Mic Comparison – Four More Clips

Friday, June 26th, 2009

I posted a link to yesterday’s blog post at a couple of recording forums and one guitar site. I started threads at the Reaper Forum, on Gearslutz, and at the Acoustic Guitar Forum. It’s been interesting reading people’s reactions.

As I expected, some folks reject the validity of these controlled tests, stating that different mics respond to different positioning in different ways, and their performance in their optimal position is the important issue. I can only suggest that they try some controlled testing in those different positions. After all, if the difference really exists, it should be apparent when levels and positions are matched, right?

And as I expected, some people pointed out that mics with different patterns and mics with very different transducer technology, like ribbon mics, sound different from the cardioid condensers I used. I absolutely agree.

Also as I expected, some people suggested that my use of a single source, the acoustic guitar, is preventing me from hearing the differences, which show themselves on cymbals and vocals. As Dirty Harry was wont to say, “A man’s gotta know his limitations.” I don’t record those sources so I don’t use them for testing .

One comment that has come up a couple of times is that the mics I chose were too similar, all large diaphragm mics from the low end of the spectrum. So I pulled out my highest priced mic, a Schoeps CMC64 small diaphragm condenser, and stuck it in the array.

Variety is the Spice of Mics?

For a little more variety, I replaced the Rode and AT mics with the Shure KSM141 and KSM44. So this set of clips includes two large diaphragm mics and two SD mics, and the price spread ranges from under $200 to over $1500.

I followed the same procedure I illustrated in yesterday’s post, aligning mic diaphragms by eye, playing a test tone through a small speaker about 1 foot from the mics, then adjusting gain on the M-Audio Profire 2626 to match their levels as well as possible in Reaper. Then I recorded the test tone followed by the acoustic guitar clip.

Mics and Clips

So here are the mics:

CAD M179
Schoeps CMC64
Shure KSM44
Shure KSM141

and here are the clips:

download 20090626-F.wav
download 20090626-G.wav
download 20090626-H.wav
download 20090626-I.wav

As before, I’ll post the key to the clip identities in a future blog entry. Or if you post your opinion and preference in a comment here or on one of the forums I visit I’ll email or PM the information to you.

Philosophical Musing

Please let me take a moment to wax philosophical here. No one has reported doing double blind ABX comparisons on the clips so far. Several posters have offered opinions on the sonic qualities of the clips, but no one has confirmed that they can actually hear a difference! This seems to be human nature, but I think that skipping the double blind check is missing a really valuable learning experience.

This entry was posted on Friday, June 26th, 2009 at 8:36 pm and is filed under Audio, Comparisons. You can follow any responses to this entry through the RSS 2.0 feed. You can leave a response, or trackback from your own site.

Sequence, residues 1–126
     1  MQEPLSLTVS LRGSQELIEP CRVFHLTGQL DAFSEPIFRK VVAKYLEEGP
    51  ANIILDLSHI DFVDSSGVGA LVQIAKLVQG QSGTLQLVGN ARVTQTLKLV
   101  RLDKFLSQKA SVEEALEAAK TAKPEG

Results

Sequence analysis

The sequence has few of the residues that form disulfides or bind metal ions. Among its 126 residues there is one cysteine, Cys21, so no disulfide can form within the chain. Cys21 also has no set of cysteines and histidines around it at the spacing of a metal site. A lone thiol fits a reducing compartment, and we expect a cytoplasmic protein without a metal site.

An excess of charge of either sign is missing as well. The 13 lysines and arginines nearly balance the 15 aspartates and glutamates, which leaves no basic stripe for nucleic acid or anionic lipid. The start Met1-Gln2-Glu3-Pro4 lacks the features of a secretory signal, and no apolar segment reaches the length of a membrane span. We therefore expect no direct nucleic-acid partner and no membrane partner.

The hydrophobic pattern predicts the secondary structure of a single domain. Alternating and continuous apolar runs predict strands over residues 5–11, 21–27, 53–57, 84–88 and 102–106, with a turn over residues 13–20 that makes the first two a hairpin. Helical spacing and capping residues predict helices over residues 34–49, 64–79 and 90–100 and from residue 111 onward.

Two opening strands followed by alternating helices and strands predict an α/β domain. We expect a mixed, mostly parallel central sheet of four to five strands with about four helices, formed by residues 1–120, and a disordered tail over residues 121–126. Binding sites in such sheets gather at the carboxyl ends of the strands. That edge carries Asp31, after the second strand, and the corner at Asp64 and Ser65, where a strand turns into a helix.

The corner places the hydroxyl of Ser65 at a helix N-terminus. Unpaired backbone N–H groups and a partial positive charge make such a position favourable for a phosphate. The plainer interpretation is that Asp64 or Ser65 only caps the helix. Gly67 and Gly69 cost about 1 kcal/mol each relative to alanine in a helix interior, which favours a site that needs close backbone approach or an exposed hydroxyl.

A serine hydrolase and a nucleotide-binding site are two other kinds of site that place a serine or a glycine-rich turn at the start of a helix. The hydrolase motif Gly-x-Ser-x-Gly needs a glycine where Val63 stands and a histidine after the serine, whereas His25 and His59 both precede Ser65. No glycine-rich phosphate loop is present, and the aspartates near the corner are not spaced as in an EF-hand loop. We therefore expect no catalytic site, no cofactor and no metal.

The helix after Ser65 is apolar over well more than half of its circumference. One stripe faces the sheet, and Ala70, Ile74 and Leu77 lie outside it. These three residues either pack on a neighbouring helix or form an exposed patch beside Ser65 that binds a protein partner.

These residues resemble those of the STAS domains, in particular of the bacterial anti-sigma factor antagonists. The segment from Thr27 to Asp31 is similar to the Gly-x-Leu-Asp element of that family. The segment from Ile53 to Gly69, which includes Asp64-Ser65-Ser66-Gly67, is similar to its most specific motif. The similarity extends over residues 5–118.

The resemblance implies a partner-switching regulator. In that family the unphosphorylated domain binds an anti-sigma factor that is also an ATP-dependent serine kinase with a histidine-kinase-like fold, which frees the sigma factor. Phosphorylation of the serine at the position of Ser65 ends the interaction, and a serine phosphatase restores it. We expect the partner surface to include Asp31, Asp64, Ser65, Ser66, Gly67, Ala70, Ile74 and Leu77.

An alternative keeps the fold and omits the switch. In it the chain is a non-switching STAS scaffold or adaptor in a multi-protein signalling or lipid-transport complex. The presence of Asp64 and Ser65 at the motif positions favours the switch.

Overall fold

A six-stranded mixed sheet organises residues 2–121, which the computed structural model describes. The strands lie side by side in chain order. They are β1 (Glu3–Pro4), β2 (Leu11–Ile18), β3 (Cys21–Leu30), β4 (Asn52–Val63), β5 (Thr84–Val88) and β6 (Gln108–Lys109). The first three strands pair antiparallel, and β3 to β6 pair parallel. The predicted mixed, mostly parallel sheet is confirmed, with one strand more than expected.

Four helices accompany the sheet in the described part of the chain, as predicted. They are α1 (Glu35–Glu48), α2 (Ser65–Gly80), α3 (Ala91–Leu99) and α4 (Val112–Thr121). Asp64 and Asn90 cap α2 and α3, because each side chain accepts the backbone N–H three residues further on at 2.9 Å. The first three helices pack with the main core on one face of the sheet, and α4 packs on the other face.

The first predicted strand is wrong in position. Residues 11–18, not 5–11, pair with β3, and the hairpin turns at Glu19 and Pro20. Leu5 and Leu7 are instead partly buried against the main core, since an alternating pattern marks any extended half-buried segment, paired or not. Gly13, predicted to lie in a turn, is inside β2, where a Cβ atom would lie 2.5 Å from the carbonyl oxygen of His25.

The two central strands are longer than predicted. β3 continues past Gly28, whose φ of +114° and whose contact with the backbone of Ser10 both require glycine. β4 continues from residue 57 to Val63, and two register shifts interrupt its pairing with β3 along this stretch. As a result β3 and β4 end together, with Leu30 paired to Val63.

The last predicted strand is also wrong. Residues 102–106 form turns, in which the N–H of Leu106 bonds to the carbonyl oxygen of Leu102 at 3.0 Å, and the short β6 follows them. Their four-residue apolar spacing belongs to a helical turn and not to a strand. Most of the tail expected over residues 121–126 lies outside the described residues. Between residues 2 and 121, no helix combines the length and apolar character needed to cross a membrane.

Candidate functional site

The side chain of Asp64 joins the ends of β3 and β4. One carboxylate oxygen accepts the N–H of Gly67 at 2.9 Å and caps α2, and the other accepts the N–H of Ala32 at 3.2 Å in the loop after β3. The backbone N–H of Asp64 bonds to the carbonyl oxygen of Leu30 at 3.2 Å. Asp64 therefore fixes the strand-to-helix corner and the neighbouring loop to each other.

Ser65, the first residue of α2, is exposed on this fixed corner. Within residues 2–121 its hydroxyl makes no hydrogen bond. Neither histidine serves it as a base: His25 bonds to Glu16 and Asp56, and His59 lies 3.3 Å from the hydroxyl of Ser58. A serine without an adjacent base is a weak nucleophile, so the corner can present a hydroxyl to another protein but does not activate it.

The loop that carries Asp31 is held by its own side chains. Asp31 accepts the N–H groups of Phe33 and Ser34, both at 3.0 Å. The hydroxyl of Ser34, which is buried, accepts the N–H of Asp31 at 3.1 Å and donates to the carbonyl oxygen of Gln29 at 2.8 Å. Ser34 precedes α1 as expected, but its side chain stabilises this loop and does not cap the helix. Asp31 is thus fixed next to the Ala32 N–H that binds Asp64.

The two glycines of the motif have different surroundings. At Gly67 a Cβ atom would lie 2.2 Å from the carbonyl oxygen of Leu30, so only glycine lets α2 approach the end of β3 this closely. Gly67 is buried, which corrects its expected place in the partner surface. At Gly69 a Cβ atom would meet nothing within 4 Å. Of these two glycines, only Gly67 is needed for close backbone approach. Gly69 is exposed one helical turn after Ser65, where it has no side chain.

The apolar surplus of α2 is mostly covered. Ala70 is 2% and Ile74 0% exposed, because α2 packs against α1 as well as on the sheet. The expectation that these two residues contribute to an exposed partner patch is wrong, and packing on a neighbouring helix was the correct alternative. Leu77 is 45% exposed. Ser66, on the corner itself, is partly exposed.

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    95 Responses to ' Mic Comparison – Four More Clips '

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    1. Fran Guidry said in post # 1,

      on October 21st, 2011 at 1:25 pm

      Hi, Byron, sorry it took me so long, but I finally emailed you the key.


    2. Tom said in post # 2,

      on November 22nd, 2011 at 5:16 pm

      I like F and G. Please send me the key.

    3. Igor said in post # 3,

      on January 19th, 2012 at 3:47 am

      “Like you I started out looking for the “best” mic, and spent thousands of dollars only to find myself now believing that mics make a lot less difference than I expected.”

      At least you were honest enough to admit it. Many guys aren’t. Not only are they not honest enough to admit it to themselves, but they encourage others to make the same mistakes they did.

    4. Charles said in post # 4,

      on February 2nd, 2012 at 3:41 pm

      Hi Fran,
      Thanks for taking the time and effort to do these shootouts. I find them very helpful and entertaining. I see that this is over two years old, but since it looks like you’re still emailing the mic identities…
      F and I seem to share the most similarity with each other. Likewise for G and H. F and I sound a little smoother to me, where as G and H might have a little more high end detail. For me, I found F and I more pleasant, while G and H were bordering on harsh in this particular application. I’m guessing that F and I are the LD’s and G and H the SD’s:
      F- KSM44
      G- CMC64
      H- KSM141
      I- M179

    5. Fran Guidry said in post # 5,

      on February 2nd, 2012 at 5:05 pm

      Charles, I just emailed you the key.

      I don’t know if you pay attention to cognition and bias issues, but we humans simply can’t operate without bias, and all the rigamarole with matching and blinding is a very minimal effort to defend against the limits of our perception and decision making systems.